Argument Role Labelling Question-Answer Pair Data Augmentation

One sentence summary: Augment question-answer pairs with semantic and syntactic constraints to solve the argument role labeling task.

[What] This work explores the QA augmentation for events in news articles. Our altimate goal is to automatically extract structured events from unlabeled unstructured articles. In this work, we focus on a subtask: extract QA pairs for the arguments given an event. The synthetic data then severs as augmented data to train the QA event extraction model.

They were married in Spain.
Arument Role LabelQuestionAnswer
Person-ArgWho is married?They
Place-ArgWhere is someone married?Spain

[Why] Traditionally, to extract structured event QA pairs from an article, the steps are: ask questions → extract answers. However, to augment event QA pairs, we propose a reversed approach: extract answers → ask questions. This approach takes advantage of the transfer ability of QA datasets and circumvents the high proportion (~60%) of no-answer questions.

See our paper and code.

PROC2PDDL: Predicting Domain Definitions Based on Natural Language for Symbolic Planning

One sentence summary: Reasoning on the changes of entities and states when performing an action in symbolic language.

[What] This work explores the causal reasoning of events. It treats causal links as the pre- and post-conditions between actions, represented in the symbolic language. To implement a sequence of actions, the pre-conditions should be satisfied before executing each action, and the post-conditions will be acquired after the action. We propose to generate the pre- and post-conditions of actions in three steps: text identification, entity-state extraction, and entity-state translation. Then, a PDDL solver finds a path to achieve a goal.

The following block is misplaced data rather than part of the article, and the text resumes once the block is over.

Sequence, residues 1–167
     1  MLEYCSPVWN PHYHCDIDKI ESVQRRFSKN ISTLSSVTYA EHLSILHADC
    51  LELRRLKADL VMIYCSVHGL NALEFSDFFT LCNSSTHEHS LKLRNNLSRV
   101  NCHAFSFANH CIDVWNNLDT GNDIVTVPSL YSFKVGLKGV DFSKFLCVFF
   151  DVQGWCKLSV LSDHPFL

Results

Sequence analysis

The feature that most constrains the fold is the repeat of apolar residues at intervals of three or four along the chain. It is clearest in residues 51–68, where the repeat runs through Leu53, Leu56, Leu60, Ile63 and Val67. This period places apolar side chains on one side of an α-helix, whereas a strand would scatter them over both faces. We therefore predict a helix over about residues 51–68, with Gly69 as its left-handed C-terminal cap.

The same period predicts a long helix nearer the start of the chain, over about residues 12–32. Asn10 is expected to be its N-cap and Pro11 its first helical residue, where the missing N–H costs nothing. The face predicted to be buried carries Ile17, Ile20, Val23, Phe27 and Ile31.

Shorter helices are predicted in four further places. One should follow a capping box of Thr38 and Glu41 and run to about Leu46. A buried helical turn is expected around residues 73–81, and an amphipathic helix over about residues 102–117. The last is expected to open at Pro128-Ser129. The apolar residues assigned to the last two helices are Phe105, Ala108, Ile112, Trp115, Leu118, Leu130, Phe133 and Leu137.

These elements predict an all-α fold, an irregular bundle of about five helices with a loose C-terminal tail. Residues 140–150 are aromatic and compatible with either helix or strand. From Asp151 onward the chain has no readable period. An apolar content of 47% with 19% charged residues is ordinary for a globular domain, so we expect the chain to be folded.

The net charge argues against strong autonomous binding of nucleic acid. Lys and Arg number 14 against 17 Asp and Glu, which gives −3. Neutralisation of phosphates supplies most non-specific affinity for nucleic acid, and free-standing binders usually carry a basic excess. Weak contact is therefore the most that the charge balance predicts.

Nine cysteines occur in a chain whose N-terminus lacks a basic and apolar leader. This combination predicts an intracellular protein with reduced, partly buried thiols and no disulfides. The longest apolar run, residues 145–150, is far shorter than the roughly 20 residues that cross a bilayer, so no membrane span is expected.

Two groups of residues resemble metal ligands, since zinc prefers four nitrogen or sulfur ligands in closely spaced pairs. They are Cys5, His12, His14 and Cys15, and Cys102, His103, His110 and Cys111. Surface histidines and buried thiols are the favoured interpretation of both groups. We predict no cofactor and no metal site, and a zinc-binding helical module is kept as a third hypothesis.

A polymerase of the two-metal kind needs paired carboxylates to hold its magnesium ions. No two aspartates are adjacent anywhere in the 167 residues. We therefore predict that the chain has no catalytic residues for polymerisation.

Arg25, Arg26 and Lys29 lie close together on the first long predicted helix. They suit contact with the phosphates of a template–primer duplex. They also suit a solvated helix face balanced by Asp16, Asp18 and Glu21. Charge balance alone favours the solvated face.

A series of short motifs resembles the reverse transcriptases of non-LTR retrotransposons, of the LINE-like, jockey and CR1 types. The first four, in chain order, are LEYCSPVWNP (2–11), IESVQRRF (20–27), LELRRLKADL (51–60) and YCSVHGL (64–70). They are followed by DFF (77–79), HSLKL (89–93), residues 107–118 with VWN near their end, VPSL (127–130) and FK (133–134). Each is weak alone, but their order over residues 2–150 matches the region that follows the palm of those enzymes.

# an example of PDDL action go;

(: action go
  parameters: avatar_1, location_1, location_2 
  pre-conditions: (avatar_1 at location_1) (location_1 connect to location_2) # an action go requires an avatar 1 at location 1 and location 1 connects to location 2
  post-conditions: (avatar_1 at location_2) # the result is an avatar 1 at location 2

[Why] The core theory supporting this approach is tracking the dynamics of entities and their attributes (more granular than an action itself), such as 'avatar 1' with attribute 'at location 1', in a series of unit actions. It decomposes the accomplishment of a complicated goal into the fulfilment of a series of reusable unit actions, e.g. 'go'.

# an example of changes of attributes of an entity 'avatar 1';

init: (avatar_1 at location_1)
go: (avatar_1 at location_2) # avatar_1's location attribute changes from location_1 to location_2
get: (avatar_1 has item_1) # avatar_1's inventory attribute adds item_1
goal: (avatar_1 has item_1)

See our paper and code.

Human-in-the-loop Schema Induction

One sentence summary: Four stages event schema induction with GPT-3 and human curation.

[What] This work explores a human-computer interactive way to build an event schema. Event Schema is a structured graph representation of events, analogical to knowledge graph. To clearly guide a machine and human for schema induction, we divide the task into four sequential stages: step generation, node extraction, graph construction, and node grounding.

# a toy sample of an event schema.
# temporal relation: searching event happens before find event.
# co-reference of entities: subject: person_1 and object: item_1 are shared in two events.

event_searching(subject: person_1 ; object: item_1) → event_find(subject: person_1 ; object: item_1)

[Why] Our approach is proposed based on the observations that automatic schema induction can be productive but vulnerable in quality; whereas manual schema induction can be accurate but onerous. We combine the work of humans and computers to generate event schemas in high efficiency (quality and quantity).

The video recording for the paper.

See our paper, code, and poster.